If I were a mad scientist (like, say, Victor Frankenstein), and I mixed "American Horror Story" with "True Detective," while sprinkling in bits of "Sherlock," "True Blood" and "Lost," I'd probably get something akin to Showtime's "Penny Dreadful."
The show's first episode, "Night Work," is notable for how well-paced and confident it is, allowing us to bask in the show's atmosphere and beautiful but grotesque creations.
And despite being a gripping hour of TV, the episode also tells us almost nothing about the show's plot going forward, revealing a bunch of mysteries, characters (some, like Victor Frankenstein, from literature, and some, like Josh Hartnett's gunslinging Ethan Chandler, who aren't — at least not yet), and possible story threads. Here's everything you need to know about the series premiere:
Let's Talk About That Opening
Now that's what I call an intro. A young woman awakes from her bed, her child sleeping soundly. Everything is very slow and deliberate, she's totally fine, until, oh wait, she just got snatched by a monster through a window.
In one short sequence that has absolutely nothing (so far, at least) to do with the show's plot, it established immediately a unique tone, setting, and visual style; and managed to deliver one hell of a jump scare to boot.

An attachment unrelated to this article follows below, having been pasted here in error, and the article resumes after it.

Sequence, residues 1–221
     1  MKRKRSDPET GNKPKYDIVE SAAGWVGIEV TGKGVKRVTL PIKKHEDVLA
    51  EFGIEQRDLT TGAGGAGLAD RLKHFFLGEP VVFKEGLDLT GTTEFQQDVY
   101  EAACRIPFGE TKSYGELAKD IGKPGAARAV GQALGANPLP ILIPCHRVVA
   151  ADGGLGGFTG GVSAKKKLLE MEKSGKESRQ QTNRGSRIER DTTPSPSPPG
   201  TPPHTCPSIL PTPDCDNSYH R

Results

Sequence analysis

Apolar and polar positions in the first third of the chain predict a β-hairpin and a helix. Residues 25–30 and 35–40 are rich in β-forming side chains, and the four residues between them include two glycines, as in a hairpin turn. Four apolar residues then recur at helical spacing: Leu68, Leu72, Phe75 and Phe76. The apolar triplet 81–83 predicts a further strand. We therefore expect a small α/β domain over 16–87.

Eva Green's A Creepster
Green plays Vanessa Ives, a character (also not from any piece of literature) who appears to be the partner of Timothy Dalton's Sir Malcolm Murray. And she's about as awesomely creepy as it gets. Just check it out when she tries to smile.
Ives is apparently also some kind of witch or fortune teller in her spare time — hey, we all have to have hobbies — and one of her nighttime seance rituals leads to one of the more disturbing visuals of the episode.
Spiders also appear prominently in the show's "True Detective"-style main titles, though what they might mean is anyone's guess.